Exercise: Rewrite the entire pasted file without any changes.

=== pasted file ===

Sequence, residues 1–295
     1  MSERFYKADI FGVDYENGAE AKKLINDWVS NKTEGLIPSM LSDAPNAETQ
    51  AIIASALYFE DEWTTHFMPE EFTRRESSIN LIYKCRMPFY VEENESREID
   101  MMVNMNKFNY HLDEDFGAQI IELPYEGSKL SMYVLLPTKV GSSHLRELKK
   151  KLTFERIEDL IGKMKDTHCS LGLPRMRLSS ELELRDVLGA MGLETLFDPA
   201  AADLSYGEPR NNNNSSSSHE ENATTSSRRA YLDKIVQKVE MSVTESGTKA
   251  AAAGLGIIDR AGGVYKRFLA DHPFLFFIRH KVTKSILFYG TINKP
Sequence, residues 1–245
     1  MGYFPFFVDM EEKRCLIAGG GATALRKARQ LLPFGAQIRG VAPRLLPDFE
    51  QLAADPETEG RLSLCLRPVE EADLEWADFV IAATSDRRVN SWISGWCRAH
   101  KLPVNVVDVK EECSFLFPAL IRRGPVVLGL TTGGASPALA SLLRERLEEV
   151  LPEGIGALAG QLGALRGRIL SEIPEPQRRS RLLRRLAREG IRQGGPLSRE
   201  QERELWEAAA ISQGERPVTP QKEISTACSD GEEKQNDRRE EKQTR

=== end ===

Sequence, residues 1–295
     1  MSERFYKADI FGVDYENGAE AKKLINDWVS NKTEGLIPSM LSDAPNAETQ
    51  AIIASALYFE DEWTTHFMPE EFTRRESSIN LIYKCRMPFY VEENESREID
   101  MMVNMNKFNY HLDEDFGAQI IELPYEGSKL SMYVLLPTKV GSSHLRELKK
   151  KLTFERIEDL IGKMKDTHCS LGLPRMRLSS ELELRDVLGA MGLETLFDPA
   201  AADLSYGEPR NNNNSSSSHE ENATTSSRRA YLDKIVQKVE MSVTESGTKA
   251  AAAGLGIIDR AGGVYKRFLA DHPFLFFIRH KVTKSILFYG TINKP
Sequence, residues 1–245
     1  MGYFPFFVDM EEKRCLIAGG GATALRKARQ LLPFGAQIRG VAPRLLPDFE
    51  QLAADPETEG RLSLCLRPVE EADLEWADFV IAATSDRRVN SWISGWCRAH
   101  KLPVNVVDVK EECSFLFPAL IRRGPVVLGL TTGGASPALA SLLRERLEEV
   151  LPEGIGALAG QLGALRGRIL SEIPEPQRRS RLLRRLAREG IRQGGPLSRE
   201  QERELWEAAA ISQGERPVTP QKEISTACSD GEEKQNDRRE EKQTR